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A few rifle questions

Discussion in 'Rifle Country' started by MikePGS, Dec 24, 2008.

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  1. MikePGS

    MikePGS Member

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    Hello. I think I've finally decided on a rifle to get. I want a 7mm-08 for hunting (deer and in the future black and with elk if its powerful enough) and I think a bolt-action is the way to go. I was really considering .243 for awhile, but after some researching on the internets there was some debate as to whether or not it had an adequate punch for bear, and particularly elk. I've read that a mauser action is good to have, but that may have been when I was reading about dangerous game (something about that being good to have when you have to shoot upside down or something, nothing I anticipate having to do). I'm looking at the Weatherby Vanguard (399 version) but thats probably because the name Weatherby alone is pretty alluring to me (I read an article when I was 10 or 12 about the .300 weatherby and it sounded like the bee's knees). Also Savage seems to have a pretty good rep. I'm probably not going to have any long range shots, but I would like to hunt antelope at some point in the future (out west of course, probably won't see any outside of the zoo around here) so I'm not really interested in a .30-30 at this point. What Savage models are the ones to look at? They all seem the same on an initial inspection and I don't know enough to really know what the difference is between them. My knowledge in general of bolt-actions is pretty much lacking, I've only shot one once.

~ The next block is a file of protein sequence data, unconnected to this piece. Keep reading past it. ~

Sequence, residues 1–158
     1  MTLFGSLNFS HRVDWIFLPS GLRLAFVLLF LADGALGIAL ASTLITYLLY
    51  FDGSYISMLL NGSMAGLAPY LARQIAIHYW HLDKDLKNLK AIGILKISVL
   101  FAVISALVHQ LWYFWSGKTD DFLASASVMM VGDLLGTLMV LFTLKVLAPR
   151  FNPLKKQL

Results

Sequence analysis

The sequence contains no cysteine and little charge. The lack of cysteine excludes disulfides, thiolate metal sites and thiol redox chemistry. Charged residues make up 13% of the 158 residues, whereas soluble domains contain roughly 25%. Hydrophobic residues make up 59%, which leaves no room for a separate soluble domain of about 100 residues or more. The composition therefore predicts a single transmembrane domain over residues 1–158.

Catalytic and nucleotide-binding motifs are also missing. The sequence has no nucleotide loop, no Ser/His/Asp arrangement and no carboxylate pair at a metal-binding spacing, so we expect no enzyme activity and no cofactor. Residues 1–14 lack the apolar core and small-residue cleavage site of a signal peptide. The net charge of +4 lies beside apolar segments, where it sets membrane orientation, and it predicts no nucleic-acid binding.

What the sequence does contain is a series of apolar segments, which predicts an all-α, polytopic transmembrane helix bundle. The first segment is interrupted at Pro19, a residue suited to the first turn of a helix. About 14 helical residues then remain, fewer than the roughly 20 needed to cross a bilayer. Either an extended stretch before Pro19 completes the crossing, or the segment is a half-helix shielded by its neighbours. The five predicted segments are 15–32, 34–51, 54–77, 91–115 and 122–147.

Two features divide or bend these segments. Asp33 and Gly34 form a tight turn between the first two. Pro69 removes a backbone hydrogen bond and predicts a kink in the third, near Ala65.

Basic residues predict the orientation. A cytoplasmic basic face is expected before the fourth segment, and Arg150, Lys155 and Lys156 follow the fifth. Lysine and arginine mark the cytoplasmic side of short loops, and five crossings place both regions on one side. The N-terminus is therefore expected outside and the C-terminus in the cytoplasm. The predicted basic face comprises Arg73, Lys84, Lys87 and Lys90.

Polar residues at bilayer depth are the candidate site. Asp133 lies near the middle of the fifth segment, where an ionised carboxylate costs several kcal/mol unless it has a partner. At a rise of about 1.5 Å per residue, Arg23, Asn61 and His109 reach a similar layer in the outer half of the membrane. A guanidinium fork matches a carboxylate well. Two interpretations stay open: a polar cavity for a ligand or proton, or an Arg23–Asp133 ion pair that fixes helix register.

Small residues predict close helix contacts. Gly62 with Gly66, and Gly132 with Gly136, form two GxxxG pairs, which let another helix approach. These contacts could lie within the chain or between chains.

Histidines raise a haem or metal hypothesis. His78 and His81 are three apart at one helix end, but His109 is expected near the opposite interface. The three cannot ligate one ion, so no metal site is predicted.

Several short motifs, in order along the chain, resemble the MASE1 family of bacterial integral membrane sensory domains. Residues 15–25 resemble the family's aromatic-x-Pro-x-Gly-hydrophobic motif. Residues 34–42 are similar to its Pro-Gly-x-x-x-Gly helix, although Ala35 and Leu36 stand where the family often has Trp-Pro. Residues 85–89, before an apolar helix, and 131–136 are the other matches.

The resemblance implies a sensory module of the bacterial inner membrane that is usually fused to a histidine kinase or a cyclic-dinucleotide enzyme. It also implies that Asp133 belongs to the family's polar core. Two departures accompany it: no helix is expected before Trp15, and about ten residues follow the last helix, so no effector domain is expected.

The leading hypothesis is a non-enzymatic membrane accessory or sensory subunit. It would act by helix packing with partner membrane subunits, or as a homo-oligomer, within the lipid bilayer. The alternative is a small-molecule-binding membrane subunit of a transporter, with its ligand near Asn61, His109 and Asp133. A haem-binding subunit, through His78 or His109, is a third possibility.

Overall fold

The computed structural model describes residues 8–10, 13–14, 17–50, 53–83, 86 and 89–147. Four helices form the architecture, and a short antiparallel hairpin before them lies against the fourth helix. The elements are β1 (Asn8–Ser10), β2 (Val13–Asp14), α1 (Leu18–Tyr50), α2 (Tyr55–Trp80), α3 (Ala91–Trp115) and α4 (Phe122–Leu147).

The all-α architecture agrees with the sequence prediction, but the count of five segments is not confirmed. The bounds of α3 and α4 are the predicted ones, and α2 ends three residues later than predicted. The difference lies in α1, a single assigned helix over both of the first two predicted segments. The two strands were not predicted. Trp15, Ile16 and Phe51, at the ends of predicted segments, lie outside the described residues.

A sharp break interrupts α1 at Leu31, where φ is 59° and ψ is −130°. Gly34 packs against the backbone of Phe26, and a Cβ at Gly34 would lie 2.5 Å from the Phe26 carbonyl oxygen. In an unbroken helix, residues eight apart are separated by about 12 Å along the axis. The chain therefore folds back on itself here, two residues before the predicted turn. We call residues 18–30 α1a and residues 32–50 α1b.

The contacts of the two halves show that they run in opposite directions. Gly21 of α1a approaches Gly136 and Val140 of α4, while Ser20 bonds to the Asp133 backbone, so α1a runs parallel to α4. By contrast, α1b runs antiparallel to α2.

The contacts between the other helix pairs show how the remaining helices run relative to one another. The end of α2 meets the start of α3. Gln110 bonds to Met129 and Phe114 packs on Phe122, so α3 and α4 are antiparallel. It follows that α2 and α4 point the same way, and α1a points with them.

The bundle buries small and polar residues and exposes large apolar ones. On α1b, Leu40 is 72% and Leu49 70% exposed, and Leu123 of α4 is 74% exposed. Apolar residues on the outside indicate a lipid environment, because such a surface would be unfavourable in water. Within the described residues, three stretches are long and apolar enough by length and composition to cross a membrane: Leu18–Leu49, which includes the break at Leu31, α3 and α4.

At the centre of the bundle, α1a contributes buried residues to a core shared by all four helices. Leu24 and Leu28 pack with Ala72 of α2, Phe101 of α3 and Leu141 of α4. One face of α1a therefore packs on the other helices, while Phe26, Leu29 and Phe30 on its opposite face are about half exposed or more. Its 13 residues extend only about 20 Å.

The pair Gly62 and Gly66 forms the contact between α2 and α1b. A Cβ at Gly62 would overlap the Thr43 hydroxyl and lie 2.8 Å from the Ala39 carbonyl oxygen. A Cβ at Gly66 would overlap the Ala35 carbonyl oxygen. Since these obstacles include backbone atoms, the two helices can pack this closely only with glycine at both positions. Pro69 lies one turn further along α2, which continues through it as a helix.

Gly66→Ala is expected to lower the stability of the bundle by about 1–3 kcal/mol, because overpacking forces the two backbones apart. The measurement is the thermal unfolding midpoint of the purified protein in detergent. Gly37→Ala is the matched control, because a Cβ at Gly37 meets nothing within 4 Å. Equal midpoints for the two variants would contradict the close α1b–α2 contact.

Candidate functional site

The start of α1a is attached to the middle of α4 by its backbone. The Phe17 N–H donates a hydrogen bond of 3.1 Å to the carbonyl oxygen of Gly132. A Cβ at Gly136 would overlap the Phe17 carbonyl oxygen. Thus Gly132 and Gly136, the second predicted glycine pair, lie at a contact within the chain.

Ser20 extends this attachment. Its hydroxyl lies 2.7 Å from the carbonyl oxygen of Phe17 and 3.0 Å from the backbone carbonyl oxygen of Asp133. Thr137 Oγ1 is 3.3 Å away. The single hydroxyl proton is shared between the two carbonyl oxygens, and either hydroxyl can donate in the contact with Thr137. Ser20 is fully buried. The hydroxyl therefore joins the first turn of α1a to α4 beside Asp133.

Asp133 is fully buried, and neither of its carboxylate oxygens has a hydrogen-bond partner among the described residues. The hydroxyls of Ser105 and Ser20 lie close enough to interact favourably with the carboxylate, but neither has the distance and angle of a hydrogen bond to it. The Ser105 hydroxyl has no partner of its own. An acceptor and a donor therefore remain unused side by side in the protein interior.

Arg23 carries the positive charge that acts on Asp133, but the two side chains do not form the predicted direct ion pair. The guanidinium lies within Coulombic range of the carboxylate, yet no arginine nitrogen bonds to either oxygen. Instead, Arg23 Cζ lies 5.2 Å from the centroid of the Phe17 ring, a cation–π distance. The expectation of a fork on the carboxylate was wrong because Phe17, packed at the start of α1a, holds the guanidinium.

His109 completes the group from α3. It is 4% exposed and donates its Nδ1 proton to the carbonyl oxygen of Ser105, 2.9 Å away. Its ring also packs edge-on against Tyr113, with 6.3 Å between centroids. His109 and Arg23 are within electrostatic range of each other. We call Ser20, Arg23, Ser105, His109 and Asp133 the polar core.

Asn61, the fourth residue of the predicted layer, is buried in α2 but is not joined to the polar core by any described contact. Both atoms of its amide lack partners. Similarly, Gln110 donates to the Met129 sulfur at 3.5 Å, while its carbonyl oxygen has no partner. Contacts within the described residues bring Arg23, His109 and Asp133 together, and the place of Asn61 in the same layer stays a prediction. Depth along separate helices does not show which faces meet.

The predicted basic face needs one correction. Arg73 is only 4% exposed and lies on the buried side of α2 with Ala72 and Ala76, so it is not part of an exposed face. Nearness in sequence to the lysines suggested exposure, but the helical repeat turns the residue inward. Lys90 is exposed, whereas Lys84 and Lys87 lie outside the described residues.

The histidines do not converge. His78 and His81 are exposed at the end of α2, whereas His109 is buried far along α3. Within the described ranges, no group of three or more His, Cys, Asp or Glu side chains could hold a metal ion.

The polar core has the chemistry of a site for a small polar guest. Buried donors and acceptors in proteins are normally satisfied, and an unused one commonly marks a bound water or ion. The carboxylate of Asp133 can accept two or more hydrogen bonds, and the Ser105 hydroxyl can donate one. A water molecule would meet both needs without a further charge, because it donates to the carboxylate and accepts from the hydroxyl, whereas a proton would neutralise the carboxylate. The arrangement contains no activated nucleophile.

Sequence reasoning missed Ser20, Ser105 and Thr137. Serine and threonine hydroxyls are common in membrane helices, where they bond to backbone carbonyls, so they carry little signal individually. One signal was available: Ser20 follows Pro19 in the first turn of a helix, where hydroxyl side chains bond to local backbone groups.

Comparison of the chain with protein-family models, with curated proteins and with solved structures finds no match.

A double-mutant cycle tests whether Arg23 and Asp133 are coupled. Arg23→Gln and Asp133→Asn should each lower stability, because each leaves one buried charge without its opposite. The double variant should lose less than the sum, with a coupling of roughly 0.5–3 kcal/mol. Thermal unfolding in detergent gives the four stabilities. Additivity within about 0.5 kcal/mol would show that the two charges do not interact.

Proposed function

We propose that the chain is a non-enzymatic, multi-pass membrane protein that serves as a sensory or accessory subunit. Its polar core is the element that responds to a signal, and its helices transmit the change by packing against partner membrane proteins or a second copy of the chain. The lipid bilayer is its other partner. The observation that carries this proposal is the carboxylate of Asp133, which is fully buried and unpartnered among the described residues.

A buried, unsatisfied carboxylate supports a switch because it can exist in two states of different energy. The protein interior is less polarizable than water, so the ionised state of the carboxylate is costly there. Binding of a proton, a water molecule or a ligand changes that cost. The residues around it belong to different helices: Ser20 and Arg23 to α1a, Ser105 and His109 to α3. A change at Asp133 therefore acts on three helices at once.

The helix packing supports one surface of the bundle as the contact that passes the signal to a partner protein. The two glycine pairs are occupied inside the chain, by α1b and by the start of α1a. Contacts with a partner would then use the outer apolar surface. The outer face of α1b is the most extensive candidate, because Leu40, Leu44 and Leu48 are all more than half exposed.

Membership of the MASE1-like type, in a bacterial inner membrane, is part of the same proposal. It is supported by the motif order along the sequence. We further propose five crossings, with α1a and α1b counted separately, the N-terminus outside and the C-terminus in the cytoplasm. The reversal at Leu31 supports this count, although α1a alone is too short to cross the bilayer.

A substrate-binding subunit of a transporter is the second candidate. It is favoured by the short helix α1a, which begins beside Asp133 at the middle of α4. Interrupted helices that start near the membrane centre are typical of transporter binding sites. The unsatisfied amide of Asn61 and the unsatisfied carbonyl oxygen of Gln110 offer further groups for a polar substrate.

Last edited: Dec 24, 2008
  2. woof

    woof Member

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    First, if you get around to hunting those other species you will probably have other rifles by then. But you can't beat a .308 or 7mm-08 for all around. A Savage would be an excellent choice. The Stevens 200 is the econo model and lacks the accutrigger. The differences in other models are long vs short actions. An advantage of .308 and 7mm-08 is they are short action cartridges. .30-06 and .270 for example are not.
     
  3. Jeff F

    Jeff F Member

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    The 7mm-08 is plenty for elk if you pick your shots and place them in the right spot. I favor the .303 British and a 30-06 is probably the best all around cartridge in the US.
     
  4. ojibweindian

    ojibweindian Member

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    For a do-it-all rifle, a Savage, Weatherby, Ruger, Remington, or Marlin, in any of the more prolific cartridges (read .270, .30-06, .308, 7mm-08, 7mm Rem Mag, etc) will do just fine.

    Myself, I'm partial to Weatherbys, and I've been impressed by the new Marlin XL7 I recently bought.
     
  5. MikePGS

    MikePGS Member

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    Actually I had a question to about the long vs short action. I know basically which cartridges are long and short, but what does it matter? Does it just mean you can make a more compact rifle with a short action, or is one mechanically better than the other? Also how good is the stevens model? I've noticed that they're quite inexpensive and are still made my savage, but would I be better off just saving up to get a "better" rifle?